Even though “Sisters” was De Palma’s first full-out attempt at the suspense genre, one would never be able to discern that thanks to the sheer filmmaking skill that he demonstrates here. After lulling viewers into a state of complacency during the long opening sequence, De Palma begins turning the screws on them with his ability to generate tension thanks to his detailed visual approach. The scene in which Grace’s argument with the cops is juxtaposed with Emil and Danielle trying to clean up Dominique’s mess before anyone else arrives is a virtual master class in filmmaking all by itself in the way that it effortlessly supplies a wealth of information regarding the relationship of Emil and Danielle and the mutual antipathy between Grace and the cops while simultaneously generating equal levels of tension on both fronts. It is a bravura moment that still stands as one of the greatest set pieces in De Palma’s filmography and while nothing else in the film can quite match it, a darker and moodier feel begins to dominate the proceedings—aided in no small part by the spectacularly moody score by the legendary Bernard Herrmann—and the nightmarish final sequence in the asylum, featuring key flashbacks shot in 16mm by De Palma in a manner designed to resemble “Rosemary’s Baby” (1968), is a knockout.

One aspect of “Sisters” that makes it a pure product of De Palma is in the usage of voyeurism, a theme that the director would return to time and again throughout his career. In this film, everyone is watching each other, it seems, but from skewed perspectives that prevent them from actually seeing what is right before their eyes. The game show where both Philip and the audience are seeing two different things that are not quite as they seem. Philip sees Emil but can only look at him as a jealous ex-lover of Danielle’s and not as a potential warning sign. Grace witnesses the murder but cannot actually prove anything that she saw and when she does find proof, her inability to watch where she is going ends up destroying it. It is only at the end of the film that people like Grace and Larch are able to see the truth head-on but due to circumstances, neither one is able to communicate the truths that they have seen to anyone, a notion that is perfectly articulated in the haunting shot that brings the story to a close on a deeply ambiguous note.

Even De Palma’s most devoted fans will admit that narrative logic and structure is not always of interest to him and that some of his stories do not exactly stand up to rigorous analysis when all is said and done. Therefore, watching “Sisters” proves to be a bit of a shock because the screenplay that he and Rose have conjured up is actually pretty strong and sound in the way that it provides a sturdy dramatic structure for him to build upon with his weirdo humor and elaborately designed suspense sequences. The opening 20 minutes or so are interesting in the sense that nothing really happens—none of the sex or violence that viewers might be expecting—but the characters of Danielle and Philip are so likable and engaging that it is easy to get lulled into a false sense of complacency that only makes Philip’s murder at the hands of Dominique all the more horrifying. (By employing this kind of slow burn opening, De Palma is utilizing the same approach that he would later deploy in his original version of “Raising Cain” (1992) before restructuring it into the eventual theatrical version.) With all of that going on, he manages to deftly introduce another winning and appealing character in Grace, a contemporary version of the kind of hard-driving crusading female journalist that Glenda Farrell used to play back in the day—the kind who is all about the work and becomes exasperated when her mother (Mary Davenport, Jennifer Salt’s real-life mother) keeps noodging her about when she is going to give up her hobby and finally settle down and get married. As the story progresses, things become increasingly strange and outlandish but De Palma never departs from the logic that he has established early on and indeed, one of the pleasures of watching the film again, once the surprises have been revealed, is to observe just how intricately the elements come together.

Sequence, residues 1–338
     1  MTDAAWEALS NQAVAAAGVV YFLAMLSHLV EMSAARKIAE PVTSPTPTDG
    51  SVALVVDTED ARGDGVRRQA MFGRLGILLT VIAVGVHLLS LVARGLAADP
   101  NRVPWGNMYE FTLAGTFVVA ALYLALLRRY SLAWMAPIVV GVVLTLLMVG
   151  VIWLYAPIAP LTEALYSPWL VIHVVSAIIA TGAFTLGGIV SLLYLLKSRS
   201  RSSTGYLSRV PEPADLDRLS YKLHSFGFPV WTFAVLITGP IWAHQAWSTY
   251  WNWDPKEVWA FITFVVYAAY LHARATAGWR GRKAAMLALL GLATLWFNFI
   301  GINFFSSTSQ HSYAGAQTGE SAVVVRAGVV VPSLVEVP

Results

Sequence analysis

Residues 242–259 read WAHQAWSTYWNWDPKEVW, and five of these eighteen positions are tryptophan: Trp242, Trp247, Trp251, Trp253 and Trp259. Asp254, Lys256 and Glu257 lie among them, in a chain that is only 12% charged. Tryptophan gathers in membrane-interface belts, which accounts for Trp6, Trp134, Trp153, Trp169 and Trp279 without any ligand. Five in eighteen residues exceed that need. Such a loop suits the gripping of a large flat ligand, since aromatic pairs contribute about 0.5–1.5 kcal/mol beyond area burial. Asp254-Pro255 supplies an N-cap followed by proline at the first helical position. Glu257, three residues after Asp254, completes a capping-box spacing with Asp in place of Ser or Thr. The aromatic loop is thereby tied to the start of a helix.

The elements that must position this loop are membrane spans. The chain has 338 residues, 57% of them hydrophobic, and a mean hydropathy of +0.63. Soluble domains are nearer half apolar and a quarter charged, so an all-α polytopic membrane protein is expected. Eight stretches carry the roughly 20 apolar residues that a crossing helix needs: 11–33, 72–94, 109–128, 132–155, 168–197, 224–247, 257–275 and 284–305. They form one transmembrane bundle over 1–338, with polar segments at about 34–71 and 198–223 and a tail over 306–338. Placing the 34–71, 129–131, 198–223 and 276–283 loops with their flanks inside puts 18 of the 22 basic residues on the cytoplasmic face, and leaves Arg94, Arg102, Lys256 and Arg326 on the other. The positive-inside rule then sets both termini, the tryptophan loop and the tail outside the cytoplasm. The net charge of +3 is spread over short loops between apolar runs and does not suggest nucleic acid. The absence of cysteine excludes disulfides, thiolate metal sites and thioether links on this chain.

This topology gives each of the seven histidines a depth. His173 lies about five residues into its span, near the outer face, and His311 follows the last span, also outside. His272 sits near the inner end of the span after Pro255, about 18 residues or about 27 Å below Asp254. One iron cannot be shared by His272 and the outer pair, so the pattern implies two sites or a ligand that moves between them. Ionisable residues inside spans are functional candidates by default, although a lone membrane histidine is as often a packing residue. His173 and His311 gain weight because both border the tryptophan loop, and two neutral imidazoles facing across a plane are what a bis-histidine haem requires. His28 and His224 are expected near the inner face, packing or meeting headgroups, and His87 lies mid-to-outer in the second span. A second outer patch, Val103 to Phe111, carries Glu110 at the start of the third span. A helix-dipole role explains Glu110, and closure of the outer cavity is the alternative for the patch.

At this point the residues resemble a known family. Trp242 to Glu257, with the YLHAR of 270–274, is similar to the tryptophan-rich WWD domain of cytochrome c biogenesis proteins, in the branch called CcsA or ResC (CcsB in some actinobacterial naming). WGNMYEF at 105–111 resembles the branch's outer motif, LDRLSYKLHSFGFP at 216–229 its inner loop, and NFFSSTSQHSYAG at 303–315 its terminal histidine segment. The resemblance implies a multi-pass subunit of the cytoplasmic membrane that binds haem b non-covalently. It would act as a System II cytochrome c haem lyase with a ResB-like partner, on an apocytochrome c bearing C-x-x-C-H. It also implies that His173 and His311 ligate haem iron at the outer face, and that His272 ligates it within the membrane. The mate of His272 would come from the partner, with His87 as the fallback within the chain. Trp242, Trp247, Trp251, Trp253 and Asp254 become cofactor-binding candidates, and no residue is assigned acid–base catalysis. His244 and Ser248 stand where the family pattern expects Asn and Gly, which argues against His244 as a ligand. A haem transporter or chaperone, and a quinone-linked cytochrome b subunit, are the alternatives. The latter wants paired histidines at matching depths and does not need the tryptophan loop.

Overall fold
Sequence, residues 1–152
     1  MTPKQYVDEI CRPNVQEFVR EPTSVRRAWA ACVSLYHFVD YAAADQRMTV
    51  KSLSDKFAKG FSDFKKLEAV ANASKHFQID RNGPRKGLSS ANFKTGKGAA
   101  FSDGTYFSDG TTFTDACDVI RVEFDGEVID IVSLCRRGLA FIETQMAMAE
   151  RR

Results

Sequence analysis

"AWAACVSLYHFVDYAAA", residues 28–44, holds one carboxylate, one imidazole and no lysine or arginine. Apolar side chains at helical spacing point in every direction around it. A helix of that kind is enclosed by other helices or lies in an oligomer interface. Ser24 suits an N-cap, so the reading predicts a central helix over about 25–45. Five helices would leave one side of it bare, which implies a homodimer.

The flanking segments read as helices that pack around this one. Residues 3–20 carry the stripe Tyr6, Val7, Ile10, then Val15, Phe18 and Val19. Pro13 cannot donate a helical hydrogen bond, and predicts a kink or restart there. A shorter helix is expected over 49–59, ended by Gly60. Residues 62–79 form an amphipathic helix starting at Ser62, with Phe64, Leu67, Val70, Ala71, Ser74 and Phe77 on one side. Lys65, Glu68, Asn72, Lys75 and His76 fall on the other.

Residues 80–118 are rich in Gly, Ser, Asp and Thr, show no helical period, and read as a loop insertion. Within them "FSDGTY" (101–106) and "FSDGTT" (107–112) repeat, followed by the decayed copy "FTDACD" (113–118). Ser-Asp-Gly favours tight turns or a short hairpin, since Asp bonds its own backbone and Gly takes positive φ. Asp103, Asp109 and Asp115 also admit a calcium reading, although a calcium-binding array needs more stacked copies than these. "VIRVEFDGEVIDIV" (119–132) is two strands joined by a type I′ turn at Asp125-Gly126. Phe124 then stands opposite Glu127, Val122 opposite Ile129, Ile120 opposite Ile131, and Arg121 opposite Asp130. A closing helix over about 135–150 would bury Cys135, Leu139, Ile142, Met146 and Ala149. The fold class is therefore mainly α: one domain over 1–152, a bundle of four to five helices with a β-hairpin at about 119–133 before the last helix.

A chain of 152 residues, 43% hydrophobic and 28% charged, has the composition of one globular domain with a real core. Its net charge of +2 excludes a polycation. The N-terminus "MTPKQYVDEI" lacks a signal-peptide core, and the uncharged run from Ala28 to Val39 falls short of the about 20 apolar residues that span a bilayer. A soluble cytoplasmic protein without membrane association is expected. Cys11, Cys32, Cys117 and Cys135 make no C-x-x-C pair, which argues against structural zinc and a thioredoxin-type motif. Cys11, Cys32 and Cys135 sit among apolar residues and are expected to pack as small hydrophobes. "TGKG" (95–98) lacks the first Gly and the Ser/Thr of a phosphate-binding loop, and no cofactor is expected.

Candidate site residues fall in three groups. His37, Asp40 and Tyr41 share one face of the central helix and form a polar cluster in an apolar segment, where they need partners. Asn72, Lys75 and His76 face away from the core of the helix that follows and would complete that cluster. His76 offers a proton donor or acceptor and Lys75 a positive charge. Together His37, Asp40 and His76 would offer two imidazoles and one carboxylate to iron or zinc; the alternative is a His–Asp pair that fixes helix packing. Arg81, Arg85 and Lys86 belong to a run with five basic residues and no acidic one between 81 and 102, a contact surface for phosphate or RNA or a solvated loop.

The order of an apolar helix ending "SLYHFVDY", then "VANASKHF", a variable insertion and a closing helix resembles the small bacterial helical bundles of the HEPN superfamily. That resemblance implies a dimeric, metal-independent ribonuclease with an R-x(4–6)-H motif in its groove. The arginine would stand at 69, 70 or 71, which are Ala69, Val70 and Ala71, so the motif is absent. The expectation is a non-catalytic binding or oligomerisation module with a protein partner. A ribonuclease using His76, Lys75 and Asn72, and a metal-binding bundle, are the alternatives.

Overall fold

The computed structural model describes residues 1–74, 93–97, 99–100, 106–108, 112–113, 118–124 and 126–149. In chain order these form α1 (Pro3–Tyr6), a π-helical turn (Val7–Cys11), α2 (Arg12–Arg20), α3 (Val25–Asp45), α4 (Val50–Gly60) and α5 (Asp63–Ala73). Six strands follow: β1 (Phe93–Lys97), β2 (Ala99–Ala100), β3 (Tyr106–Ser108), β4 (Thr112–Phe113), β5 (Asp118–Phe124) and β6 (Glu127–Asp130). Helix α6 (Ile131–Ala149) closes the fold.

Posted by Geoff at 10:36 PM CDT
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Monday, October 29, 2018

Earlier today, Criterion posted a video clip from a new interview with Jennifer Salt. The full interview is one of the extra features on Criterion's new edition of Sisters, released last week. In the clip, Salt describes Brian De Palma on the set:
So, on the set, when we were shooting, Brian was... kind of grumpy-- didn't love being on a set, didn't like being asked all these questions, didn't like the amount of time that everything took. He was impatient. He didn't like sitting around. So, he was never in the best of humor, and so he wasn't like somebody who said let's talk about this and let's rehearse it and let's go deeper. He never said anything like that. He just would say, "A little more of this," or some-- you know, it was minimal, what he was giving us, in terms of direction. He picked people he enjoyed working with, and kind of let them go their way and, you know, hope that they would do their thing. And it was easy to do that, because you were getting so much respect from him. You know, I found it very easy. I was never nervous on the set, or, I just, like I said, I just wanted to make him laugh.